His practical action upon these views began about the year 1841, and was persevered in, at no small expense and inconvenience, till slavery ceased in this country to have a legal existence. About this time he united with the American Free Produce Association, which had been formed in 1838, and in 1845 took an active part in the formation of the Free Produce Association of Friends of Philadelphia, Y.M.; both associations having the object of promoting the production by free labor of articles usually grown by slaves, particularly of cotton. Agents were sent into the cotton States, to make arrangements with small planters, who were growing cotton by the labor of themselves and their families without the help of slaves, to obtain their crops, which otherwise went into the general market, and could not be distinguished. A manufactory was established for working this cotton, and a limited variety of goods were thus furnished. In all these operations Samuel Rhoads aided efficiently by counsel and money.
In 1846, “The Non-slave-holder,” a monthly periodical, devoted mainly to the advocacy of the Free Produce cause, was established in Philadelphia, edited by A.L. Pennock, S. Rhoads, and George W. Taylor. It was continued five years, for the last two of which Samuel Rhoads conducted it alone. He wrote also a pamphlet on the free labor question. From July, 1856 to January, 1867 he was Editor of the “Friends’ Review,” a weekly paper, religious and literary, conducted in the interest of his own religious society, and in this position he gave frequent proofs of interest in the slave, keeping his readers well advised of events and movements bearing upon the subject.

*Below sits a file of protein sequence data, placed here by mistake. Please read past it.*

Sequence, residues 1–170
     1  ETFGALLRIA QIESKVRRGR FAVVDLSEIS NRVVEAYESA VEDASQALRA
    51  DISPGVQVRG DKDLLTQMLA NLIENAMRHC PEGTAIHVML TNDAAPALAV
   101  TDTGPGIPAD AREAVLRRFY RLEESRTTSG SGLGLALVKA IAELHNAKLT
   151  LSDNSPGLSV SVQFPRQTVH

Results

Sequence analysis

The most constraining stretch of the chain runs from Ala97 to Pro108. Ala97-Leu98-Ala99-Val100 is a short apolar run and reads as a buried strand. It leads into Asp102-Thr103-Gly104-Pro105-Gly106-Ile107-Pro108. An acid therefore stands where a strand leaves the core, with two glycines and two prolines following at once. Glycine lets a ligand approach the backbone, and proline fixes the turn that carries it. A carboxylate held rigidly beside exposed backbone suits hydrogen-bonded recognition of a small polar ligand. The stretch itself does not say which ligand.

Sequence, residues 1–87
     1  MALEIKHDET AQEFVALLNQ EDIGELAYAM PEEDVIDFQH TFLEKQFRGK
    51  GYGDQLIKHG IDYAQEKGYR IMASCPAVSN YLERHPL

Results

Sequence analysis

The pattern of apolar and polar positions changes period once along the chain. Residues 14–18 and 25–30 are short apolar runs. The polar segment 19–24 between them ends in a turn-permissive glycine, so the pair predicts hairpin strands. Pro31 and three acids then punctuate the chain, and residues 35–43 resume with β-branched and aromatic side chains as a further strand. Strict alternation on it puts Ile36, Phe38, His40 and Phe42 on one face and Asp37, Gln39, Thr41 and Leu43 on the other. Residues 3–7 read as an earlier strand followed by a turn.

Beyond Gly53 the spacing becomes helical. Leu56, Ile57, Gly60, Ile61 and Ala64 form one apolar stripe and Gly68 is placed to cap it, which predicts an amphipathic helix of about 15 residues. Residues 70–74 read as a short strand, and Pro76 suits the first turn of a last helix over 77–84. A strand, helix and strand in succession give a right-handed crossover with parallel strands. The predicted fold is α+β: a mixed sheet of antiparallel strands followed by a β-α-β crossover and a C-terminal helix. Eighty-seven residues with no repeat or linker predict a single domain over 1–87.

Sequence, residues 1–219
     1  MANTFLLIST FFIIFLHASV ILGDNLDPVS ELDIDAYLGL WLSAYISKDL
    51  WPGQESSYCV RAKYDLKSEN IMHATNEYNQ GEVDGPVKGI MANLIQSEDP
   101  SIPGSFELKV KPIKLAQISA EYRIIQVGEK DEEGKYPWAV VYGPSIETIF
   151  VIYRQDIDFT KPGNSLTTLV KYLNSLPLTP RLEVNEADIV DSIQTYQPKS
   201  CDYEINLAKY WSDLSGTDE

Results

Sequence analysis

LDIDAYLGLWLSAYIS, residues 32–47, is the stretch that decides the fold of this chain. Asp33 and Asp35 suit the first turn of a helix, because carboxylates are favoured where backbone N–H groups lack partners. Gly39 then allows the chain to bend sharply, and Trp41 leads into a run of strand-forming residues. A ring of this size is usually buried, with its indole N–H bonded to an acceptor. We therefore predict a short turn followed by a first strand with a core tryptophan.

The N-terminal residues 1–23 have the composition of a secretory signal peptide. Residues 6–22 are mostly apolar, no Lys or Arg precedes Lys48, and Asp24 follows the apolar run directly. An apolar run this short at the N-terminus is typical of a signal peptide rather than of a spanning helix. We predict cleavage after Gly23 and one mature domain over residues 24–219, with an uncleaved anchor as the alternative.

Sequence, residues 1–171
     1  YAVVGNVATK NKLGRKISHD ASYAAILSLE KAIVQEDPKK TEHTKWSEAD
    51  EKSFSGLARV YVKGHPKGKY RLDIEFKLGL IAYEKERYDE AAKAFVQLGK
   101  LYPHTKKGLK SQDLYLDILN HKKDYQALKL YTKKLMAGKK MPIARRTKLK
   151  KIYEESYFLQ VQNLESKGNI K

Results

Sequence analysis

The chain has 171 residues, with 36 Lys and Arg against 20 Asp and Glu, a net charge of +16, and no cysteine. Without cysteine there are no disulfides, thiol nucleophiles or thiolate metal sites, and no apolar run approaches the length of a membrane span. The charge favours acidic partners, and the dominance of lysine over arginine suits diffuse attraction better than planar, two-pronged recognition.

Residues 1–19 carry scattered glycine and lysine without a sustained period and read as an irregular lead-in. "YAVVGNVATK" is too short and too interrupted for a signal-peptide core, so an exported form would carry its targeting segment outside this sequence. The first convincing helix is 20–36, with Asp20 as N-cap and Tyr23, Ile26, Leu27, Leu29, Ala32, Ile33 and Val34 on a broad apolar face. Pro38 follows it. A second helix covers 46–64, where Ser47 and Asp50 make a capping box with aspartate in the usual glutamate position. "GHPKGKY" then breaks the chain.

While thus awake to all forms of anti-slavery effort, his heart and hand were ever open to the fugitive from bondage, who appealed to him, and none such were ever sent away empty. Though not a member of the Vigilance Committee, he rendered it frequent and most efficient aid, especially during the dark ten years after the passage of the Fugitive Slave Law.
A second visit to England, in 1847, had enlarged his connection and correspondence with anti-slavery friends there, and in addition to his own contributions, very considerable sums of money were transmitted to him, especially through A.H. Richardson, for the benefit of the fugitives. Often when the treasury of the Committee ran low, he came opportunely to their relief with funds sent by his English friends, while his sympathy and encouragement never failed. The extent of his assistance in this direction was known to but few, but by them its value was gratefully acknowledged. None rejoiced more than he in the overthrow of American slavery, though its end came in convulsion and bloodshed, at which his spirit revolted, not by the peaceful means through which he with others had labored to bring it about. He had some years before been active in preparing a memorial to Congress, asking that body to make an effort to put an end to slavery